Multinational Strategies and Developing Countries in Historical Perspective
AbstractThis working paper offers a longitudinal and descriptive analysis of the strategies of multinationals from developed countries in developing countries. The central argument is that strategies were shaped by the trade-off between opportunity and risk. Three broad environmental factors determined the trade-off. The first was the prevailing political economy, including the policies of both host and home governments, and the international legal framework. The second was the market and resources of the host country. The third factor was competition from local firms. The impact of these factors on corporate strategies is explored, as shown in Fig. 1, during the three eras in the modern history of globalization from the nineteenth century until the present day. The performance of specific multinationals depended on the extent to which their internal capabilities enabled them to respond to these external opportunities and threats.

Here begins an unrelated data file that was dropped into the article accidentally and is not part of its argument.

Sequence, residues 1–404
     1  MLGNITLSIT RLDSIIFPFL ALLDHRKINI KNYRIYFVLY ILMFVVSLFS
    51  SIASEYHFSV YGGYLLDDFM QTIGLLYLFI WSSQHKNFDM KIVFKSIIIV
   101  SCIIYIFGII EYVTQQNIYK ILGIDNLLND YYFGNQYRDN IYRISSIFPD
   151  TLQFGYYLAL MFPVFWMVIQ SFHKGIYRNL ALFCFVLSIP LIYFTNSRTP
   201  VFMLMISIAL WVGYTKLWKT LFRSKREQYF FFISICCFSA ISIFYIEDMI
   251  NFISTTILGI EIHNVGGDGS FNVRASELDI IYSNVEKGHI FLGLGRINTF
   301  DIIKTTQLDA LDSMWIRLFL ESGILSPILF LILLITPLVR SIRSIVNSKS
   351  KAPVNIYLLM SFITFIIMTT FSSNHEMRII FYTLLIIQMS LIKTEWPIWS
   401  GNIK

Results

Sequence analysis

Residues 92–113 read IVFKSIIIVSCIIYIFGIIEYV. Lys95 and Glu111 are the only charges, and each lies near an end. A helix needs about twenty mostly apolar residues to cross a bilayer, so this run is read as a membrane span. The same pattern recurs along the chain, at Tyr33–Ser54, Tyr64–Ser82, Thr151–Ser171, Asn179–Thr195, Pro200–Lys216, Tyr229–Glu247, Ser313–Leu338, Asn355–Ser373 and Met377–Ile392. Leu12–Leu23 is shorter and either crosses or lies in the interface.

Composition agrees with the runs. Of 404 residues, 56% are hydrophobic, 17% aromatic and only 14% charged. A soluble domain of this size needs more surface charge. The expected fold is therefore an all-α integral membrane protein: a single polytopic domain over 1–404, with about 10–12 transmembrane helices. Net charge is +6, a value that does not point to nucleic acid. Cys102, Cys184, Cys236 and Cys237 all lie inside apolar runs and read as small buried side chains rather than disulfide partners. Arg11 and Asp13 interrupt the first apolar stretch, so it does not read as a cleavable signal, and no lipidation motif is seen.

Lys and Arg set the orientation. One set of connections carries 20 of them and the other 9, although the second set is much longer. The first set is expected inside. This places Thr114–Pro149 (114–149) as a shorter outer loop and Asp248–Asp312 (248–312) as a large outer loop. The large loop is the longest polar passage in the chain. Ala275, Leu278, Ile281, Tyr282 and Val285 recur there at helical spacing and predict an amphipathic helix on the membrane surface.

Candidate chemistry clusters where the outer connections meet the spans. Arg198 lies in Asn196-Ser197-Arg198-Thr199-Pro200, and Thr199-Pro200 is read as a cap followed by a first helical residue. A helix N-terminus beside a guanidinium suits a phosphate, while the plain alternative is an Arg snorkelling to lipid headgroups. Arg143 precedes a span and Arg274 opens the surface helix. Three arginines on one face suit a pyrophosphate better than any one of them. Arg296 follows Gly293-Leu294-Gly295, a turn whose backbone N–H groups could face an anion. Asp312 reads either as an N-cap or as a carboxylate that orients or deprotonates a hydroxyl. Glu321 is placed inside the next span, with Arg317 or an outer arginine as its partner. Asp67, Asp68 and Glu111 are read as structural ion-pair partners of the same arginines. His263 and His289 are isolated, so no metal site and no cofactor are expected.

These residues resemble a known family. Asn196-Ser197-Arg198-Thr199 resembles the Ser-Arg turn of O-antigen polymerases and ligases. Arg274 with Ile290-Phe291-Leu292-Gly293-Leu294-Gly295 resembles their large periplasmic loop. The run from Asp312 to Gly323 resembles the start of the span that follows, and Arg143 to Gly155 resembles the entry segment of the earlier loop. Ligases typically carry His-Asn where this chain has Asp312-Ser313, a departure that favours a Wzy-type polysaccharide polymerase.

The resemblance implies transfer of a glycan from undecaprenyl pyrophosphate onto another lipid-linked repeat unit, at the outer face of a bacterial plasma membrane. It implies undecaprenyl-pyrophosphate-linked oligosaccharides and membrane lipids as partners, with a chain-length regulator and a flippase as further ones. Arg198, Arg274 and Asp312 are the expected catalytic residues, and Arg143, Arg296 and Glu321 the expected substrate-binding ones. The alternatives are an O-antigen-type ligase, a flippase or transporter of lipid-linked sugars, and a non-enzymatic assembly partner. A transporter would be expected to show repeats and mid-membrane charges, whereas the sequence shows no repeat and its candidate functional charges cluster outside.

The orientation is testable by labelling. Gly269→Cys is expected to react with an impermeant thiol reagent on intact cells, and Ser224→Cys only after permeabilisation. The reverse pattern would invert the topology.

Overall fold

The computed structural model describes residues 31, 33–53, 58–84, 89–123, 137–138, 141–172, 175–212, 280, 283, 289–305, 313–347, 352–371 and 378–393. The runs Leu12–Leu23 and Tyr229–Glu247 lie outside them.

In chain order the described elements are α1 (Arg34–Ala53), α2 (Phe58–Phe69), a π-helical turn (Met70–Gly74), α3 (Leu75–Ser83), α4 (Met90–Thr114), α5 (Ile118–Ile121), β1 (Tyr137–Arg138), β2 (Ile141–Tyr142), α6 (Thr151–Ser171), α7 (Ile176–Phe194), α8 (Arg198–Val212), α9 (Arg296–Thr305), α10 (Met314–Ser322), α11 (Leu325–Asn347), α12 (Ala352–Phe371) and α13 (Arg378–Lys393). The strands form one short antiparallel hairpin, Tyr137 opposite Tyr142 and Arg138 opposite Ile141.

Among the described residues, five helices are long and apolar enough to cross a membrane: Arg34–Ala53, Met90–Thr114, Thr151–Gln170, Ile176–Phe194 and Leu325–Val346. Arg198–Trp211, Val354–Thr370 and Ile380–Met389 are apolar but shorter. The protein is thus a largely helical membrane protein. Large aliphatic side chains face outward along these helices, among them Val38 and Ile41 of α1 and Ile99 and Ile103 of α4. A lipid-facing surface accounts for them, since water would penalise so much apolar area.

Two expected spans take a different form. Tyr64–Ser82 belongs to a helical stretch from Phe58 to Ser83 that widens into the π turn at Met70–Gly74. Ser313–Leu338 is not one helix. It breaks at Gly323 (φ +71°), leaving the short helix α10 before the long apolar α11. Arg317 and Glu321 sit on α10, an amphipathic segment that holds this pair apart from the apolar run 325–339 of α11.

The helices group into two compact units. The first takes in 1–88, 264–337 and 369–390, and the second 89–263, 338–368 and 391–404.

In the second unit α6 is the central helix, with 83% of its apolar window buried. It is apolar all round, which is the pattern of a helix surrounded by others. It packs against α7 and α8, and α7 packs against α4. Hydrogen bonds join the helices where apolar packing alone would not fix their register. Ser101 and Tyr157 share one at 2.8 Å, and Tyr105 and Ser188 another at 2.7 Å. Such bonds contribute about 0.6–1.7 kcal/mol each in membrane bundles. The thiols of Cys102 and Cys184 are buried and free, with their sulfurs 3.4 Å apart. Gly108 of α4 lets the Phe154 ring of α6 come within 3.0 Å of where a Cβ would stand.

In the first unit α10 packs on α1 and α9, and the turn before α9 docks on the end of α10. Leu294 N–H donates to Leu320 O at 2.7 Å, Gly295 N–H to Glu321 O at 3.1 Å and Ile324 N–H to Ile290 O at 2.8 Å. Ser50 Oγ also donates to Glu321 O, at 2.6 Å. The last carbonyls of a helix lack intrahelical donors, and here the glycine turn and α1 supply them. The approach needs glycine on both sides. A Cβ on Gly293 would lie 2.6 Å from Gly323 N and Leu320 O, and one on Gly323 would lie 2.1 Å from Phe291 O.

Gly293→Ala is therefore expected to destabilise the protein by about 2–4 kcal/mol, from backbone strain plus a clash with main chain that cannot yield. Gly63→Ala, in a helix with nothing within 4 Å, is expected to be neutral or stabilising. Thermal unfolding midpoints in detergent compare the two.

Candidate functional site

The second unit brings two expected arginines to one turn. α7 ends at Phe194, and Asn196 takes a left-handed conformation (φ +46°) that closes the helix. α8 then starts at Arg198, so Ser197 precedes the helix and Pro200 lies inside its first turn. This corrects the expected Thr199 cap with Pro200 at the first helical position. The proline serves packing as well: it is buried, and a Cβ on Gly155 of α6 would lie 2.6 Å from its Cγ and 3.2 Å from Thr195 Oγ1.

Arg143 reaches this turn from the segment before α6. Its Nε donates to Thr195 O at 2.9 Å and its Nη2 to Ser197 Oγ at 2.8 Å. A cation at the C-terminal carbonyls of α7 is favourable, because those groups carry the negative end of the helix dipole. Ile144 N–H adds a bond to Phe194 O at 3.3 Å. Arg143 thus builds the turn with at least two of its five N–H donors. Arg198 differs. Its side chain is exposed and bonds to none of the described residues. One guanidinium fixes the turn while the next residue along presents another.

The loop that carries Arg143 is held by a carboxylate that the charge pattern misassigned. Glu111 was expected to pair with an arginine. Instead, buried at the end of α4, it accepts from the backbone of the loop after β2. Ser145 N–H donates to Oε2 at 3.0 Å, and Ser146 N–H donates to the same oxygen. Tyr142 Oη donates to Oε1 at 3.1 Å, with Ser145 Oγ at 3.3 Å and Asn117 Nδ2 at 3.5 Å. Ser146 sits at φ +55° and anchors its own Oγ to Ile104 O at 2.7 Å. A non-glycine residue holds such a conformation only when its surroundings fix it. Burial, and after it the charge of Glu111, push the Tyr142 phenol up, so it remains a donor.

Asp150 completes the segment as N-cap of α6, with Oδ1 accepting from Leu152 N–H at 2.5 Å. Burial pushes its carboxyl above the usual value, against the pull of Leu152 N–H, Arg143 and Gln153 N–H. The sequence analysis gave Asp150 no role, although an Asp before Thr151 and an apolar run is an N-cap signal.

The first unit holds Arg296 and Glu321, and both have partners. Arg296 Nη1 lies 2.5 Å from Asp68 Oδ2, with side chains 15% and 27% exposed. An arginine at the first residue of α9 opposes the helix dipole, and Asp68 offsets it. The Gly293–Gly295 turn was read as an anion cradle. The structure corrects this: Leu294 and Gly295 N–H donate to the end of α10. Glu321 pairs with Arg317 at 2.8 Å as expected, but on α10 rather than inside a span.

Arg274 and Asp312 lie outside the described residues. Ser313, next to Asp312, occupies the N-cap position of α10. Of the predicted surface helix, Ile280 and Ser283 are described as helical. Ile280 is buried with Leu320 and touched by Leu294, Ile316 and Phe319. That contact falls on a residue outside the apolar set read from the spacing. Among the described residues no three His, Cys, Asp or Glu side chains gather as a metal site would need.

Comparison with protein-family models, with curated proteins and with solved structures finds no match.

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Bibliographic InfoPaper provided by Harvard Business School in its series Harvard Business School Working Papers with number 10-076.
Length: 58 pages
Date of creation: Mar 2010
Date of revision:
This paper has been announced in the following NEP Reports:
- NEP-ALL-2010-03-20 (All new papers)
- NEP-CSE-2010-03-20 (Economics of Strategic Management)
- NEP-HIS-2010-03-20 (Business, Economic & Financial History)
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Blog mentionsAs found by EconAcademics.org, the blog aggregator for Economics research:
- Multinational Strategies and Developing Countries in Historical Perspective
by bbatiz in NEP-HIS blog on 2010-03-22 14:32:59
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